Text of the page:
1031 questions - Posted by Chantal

Posted by JHyre in Ohio on December 19, 2001 at 11:18:46:

I haven’t looked at the UK-US Income Tax Convention lately, but it may have some goodies, especially if you structure things to be resident in the UK. Pay special attention to the definitions of citizen and resident…I’m not sure where you fall as a dual-citizen.

John Hyre

1031 questions - Posted by Chantal

Posted by Chantal on December 17, 2001 at 20:14:55:

I have two 1031 questions:

  1. Can I do a 1031 from the sale of a rental in the USA and exchange it for a home in another country (UK) that I make a rental?

  2. Can I take this new rental in another country and turn it into my private residence after a year or so?

I have several rental properties currently in the USA and in the UK and declare them all on my US income taxes.

Re: 1031 questions - Posted by JHyre in Ohio

Posted by JHyre in Ohio on December 18, 2001 at 06:38:29:

  1. is unfortunately “no”, so you don’t get to question (2). RE in US is not “like-kind” to RE in UK.

Where are you in the UK? I have a friend who invests in Aberdeen…he likes to rent to the oil companies…steady income, no hassle. Question: Are you a US or UK citizen? Where do you reside? There may be some other options here…hearsay has it that UK has no gains tax on the sale of rentals…do you know if that’s true?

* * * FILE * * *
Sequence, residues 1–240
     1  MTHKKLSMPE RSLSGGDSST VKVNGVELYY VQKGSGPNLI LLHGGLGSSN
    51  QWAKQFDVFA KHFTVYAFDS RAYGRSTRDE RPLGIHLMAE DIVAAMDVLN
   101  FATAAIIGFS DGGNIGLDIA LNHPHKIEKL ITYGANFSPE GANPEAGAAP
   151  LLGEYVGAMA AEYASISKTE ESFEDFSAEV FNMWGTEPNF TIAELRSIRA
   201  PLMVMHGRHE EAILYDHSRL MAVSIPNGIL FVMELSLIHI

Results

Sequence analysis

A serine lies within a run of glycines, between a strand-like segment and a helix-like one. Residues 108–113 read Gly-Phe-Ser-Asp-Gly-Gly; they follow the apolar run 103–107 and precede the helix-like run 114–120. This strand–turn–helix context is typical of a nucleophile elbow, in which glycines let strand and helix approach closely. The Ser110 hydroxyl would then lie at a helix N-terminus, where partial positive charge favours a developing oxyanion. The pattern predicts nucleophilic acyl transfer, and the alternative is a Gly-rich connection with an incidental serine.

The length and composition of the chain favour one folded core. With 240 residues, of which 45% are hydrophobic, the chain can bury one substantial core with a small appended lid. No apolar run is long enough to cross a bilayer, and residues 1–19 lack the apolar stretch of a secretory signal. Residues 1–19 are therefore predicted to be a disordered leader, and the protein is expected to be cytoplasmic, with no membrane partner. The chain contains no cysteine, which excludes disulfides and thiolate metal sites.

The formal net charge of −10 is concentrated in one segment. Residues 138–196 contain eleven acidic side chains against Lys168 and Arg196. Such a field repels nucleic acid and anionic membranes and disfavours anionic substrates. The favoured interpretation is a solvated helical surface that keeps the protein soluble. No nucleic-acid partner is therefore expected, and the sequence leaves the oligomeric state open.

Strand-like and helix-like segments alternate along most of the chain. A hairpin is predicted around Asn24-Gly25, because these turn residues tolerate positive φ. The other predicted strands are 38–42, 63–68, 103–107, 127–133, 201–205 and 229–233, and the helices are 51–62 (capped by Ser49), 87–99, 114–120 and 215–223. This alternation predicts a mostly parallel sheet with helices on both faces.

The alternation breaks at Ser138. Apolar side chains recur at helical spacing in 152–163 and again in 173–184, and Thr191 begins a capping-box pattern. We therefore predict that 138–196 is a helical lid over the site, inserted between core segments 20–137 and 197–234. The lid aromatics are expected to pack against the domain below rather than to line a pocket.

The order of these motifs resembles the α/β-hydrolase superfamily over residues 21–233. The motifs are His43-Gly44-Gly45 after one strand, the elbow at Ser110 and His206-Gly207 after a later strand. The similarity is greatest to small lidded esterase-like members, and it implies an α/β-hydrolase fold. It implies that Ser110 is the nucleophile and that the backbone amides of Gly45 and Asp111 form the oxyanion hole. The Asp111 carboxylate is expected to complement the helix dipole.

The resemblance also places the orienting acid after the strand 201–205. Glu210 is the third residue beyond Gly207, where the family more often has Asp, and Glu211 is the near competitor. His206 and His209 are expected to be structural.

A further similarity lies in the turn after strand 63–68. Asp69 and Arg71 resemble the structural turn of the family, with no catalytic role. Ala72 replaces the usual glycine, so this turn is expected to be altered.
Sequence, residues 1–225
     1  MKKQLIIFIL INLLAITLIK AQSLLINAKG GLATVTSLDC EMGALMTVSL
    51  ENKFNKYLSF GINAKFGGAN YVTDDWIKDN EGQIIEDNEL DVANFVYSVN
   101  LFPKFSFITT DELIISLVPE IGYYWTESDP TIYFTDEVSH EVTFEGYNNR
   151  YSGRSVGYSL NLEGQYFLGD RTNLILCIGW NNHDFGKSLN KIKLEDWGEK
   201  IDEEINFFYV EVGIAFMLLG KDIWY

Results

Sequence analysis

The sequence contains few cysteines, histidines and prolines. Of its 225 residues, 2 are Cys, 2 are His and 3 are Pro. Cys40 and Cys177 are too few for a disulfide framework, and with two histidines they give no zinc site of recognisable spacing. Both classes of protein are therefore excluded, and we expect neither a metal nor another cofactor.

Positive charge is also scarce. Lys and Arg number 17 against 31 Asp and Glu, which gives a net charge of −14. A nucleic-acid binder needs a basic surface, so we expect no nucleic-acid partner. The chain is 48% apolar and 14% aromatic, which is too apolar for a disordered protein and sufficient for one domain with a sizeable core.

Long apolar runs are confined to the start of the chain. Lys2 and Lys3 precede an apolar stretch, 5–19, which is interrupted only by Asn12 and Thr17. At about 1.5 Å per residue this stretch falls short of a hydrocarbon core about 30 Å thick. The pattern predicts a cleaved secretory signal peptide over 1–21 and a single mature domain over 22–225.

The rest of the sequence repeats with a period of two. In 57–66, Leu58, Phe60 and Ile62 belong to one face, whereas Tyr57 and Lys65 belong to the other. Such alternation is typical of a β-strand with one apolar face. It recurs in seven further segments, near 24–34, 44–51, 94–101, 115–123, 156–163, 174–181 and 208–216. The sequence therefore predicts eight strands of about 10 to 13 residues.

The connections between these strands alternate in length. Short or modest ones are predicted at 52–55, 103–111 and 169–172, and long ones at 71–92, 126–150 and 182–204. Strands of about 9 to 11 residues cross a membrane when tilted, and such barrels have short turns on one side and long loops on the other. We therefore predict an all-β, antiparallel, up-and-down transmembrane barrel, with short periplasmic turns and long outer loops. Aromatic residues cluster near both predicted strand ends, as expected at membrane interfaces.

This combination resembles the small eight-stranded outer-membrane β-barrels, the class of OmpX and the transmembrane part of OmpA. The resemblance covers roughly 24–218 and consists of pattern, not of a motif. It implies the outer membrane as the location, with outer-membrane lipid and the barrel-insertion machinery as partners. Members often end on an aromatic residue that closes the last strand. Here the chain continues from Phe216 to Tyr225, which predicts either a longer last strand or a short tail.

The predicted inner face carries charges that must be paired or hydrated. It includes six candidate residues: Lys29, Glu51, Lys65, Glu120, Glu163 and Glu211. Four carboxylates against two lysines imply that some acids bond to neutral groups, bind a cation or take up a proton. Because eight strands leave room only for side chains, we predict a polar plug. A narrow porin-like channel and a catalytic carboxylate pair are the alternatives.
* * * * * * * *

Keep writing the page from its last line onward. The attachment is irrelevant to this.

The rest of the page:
John Hyre

Re: 1031 questions - Posted by Chantal

Posted by Chantal on December 18, 2001 at 13:08:06:

  1. Darn.

  2. I am in London. I live part of the year in London and the other part California. I want to buy a flat in Notting Hill or Kensington, but a decent two bed, 1200 sq. ft. in a mansion block with a lift or maybe a maisonette is going to run me at least $800k. I was planning on waiting for the next bottoming of the market as it has been too hot in recent years, but it always goes back down quite a bit when it slumps, so that same property I could probably pick up for $600k in a slump.

They do, however, rent really well and if I put down 20%, then I could let it for 40 or so weeks of the year and pay all my expenses, allowing me to live in it the other 12 weeks for free, which would suit me just fine.

  1. I am a dual citizen, which has immense benefits (except for that pesky US requirement that I report all of my worldwide income. In the UK you only have to report your UK income which is why there is a proliferation of ‘off-shore’ tax havens in the Channel Islands and the Isle of Man) and allows me to vote in both US and UK elections (I am a card holding Republican and a Conservative).

  2. Yes, capital gains on property are not taxed and anothe benefit I love is that your tenants in a rental property pay your property (council) tax. Mortgage rates are also quite low now. My 25 year repayment mortgage is variable and it is right around 5% at the moment.